Project Waterfall is a charitable initiative that aims to bring clean water to coffee growing communities all over the world. You might ask, why coffee growing communities? One explanation is that Project Waterfall gets much of its support from members of the coffee industry. Through events like UK Coffee Week, London Coffee Festival, New York Coffee Festival, and Amsterdam Coffee Festival, Project Waterfall brings members of the coffee industry together around a common philanthropic cause.
In addition to Project Waterfall’s link to the coffee industry, coffee and water themselves are intrinsically linked. The process of producing and brewing coffee is water intensive. In fact, it takes 140 litres of water to produce just one cup of coffee. Paradoxically, many of the communities that grow coffee are facing a water crisis.
We would like to take you through the life of a coffee bean, from the minute it is planted in the ground to when it reaches your cup, and invite the coffee industry and coffee consumers alike to join us in supporting the coffee growing communities that make our industry possible.
Depending on climate, coffee can be cultivated in a variety of ways. In the tropics of Central and South America where much of the world’s coffee is produced, small coffee farms rely on rainfall to water their plants. In other locations, like some parts of Africa that do not have heavy rain, farmers must use irrigation from nearby bodies of water. However, as the global demand for coffee increases and weather becomes increasingly unpredictable with climate change, more and more water is irrigated from watersheds and streams to coffee farms.
The process does not end there. After coffee “cherries” are picked from the plants, they must be treated and fermented to carefully extract the coffee bean, the seed of the plant, from its surrounding fruit. The cherries are placed in large vats of water to test which fruits will sink, indicating they are ripe. The ripe cherries are then fermented and washed in water to remove the fruit from around the coffee bean. Over the course of one season, it takes millions of litres of water to support a small coffee mill.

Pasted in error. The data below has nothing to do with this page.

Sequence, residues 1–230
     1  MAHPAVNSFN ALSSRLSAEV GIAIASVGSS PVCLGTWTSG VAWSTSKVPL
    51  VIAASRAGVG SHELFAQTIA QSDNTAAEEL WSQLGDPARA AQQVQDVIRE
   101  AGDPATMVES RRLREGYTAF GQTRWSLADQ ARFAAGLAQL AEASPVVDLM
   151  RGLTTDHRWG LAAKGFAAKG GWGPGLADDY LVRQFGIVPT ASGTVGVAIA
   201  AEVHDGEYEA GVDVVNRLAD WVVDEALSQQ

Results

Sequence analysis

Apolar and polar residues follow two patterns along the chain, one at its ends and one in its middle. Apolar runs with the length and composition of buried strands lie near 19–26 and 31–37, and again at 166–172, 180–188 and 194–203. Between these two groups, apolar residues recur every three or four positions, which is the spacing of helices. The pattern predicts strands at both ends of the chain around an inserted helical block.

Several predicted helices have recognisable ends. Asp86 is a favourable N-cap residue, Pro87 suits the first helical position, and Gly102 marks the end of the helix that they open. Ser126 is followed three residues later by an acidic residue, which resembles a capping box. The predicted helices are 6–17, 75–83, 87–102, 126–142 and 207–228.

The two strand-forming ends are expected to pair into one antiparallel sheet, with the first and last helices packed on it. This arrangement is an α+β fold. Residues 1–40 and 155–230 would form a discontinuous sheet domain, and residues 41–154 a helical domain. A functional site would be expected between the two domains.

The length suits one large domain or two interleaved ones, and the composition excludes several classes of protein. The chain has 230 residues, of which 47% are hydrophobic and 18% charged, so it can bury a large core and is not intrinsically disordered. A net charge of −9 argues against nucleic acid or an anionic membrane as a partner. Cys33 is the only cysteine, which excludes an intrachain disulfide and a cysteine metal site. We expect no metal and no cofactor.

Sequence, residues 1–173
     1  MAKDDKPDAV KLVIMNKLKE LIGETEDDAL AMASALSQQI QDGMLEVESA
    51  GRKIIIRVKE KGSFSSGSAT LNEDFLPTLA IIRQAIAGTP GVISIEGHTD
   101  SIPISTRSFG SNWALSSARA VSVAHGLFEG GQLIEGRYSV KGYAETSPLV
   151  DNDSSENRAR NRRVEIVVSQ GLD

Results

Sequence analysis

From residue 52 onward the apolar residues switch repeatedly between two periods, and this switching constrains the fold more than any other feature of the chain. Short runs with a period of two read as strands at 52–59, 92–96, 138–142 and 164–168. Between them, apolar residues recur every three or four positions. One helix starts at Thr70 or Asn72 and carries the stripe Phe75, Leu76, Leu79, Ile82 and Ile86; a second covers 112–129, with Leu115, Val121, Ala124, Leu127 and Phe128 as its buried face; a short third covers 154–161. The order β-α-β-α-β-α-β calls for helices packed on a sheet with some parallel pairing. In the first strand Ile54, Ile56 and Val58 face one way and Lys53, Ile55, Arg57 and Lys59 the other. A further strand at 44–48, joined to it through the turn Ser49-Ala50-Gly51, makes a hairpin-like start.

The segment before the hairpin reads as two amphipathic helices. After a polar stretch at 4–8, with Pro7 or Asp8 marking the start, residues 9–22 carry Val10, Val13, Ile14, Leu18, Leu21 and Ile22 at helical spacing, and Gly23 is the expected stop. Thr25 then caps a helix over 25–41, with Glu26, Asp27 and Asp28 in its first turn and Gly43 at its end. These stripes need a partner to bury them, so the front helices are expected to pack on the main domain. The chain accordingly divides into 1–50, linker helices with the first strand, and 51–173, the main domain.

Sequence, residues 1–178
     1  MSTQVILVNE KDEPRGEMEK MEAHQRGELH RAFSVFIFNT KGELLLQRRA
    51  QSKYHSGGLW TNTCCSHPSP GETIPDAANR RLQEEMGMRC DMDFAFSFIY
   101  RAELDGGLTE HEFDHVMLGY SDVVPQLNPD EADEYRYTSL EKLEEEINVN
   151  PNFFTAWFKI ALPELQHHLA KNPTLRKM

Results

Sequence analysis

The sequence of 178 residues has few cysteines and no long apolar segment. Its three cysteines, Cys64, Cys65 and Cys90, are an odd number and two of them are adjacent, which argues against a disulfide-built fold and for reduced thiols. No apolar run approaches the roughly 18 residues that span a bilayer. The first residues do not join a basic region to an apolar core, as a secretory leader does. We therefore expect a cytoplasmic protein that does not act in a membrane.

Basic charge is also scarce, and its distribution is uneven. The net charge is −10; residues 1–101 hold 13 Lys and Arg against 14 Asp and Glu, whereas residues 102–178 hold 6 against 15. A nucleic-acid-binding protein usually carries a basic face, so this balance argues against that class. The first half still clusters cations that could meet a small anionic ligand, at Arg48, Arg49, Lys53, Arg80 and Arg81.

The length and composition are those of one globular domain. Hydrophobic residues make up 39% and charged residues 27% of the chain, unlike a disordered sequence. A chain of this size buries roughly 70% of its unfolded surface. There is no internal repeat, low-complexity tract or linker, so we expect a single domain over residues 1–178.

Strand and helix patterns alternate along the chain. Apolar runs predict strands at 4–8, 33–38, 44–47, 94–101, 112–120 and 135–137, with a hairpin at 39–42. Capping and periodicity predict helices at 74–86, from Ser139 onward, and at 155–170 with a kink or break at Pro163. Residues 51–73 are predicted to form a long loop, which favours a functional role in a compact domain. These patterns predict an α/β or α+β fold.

Coffee is a water intensive crop that uses more water during production than tea, sugar, wheat and barley.
The brewing process:
In order to brew a delicious cup of coffee that respects all the complicated flavours in a coffee bean, you need great water. Coffee shops will invest in complex water purification systems (such as BRITA Professional) to ensure the taste of each cup of coffee is not disrupted by minerals in unfiltered tap water.
Additionally, all of the equipment used to brew coffee must be rinsed with water after every cup of coffee or shot of espresso is pulled from the machine. Any residual coffee grounds or coffee oil left in the glassware give the next cup a bitter and rancid taste.
Despite the incredible amount of water it takes to produce coffee, coffee growing communities are facing a water crisis. The leading coffee producing and exporting countries in the world are also some of the poorest, and rural farming communities are those that suffer the most. Without immediate access to clean water, women walk hours every day to collect water for their families. Unfortunately, this water is often contaminated and is unsafe to drink.
Lastly, high levels of coffee production lead to greater contamination of local drinking water. Coffee is often grown at elevation, and anything used to produce coffee is later filtered back into the streams and rivers that flow through towns downstream. This means that toxic chemicals, pesticides, fertilizers, and sediments released during soil erosion make their way into the canteens that women carry home to their communities.
The process of growing coffee worsens the already limited access to clean water faced by coffee growing communities.
And there you have it. There is no coffee without lots and lots of water.
The coffee industry is huge, and has the power to make a real impact. We might only encounter coffee at the end of the supply chain, but the next time you step into a coffee shop and order your morning cup, remember the long journey the beans went on to make it in front of you today.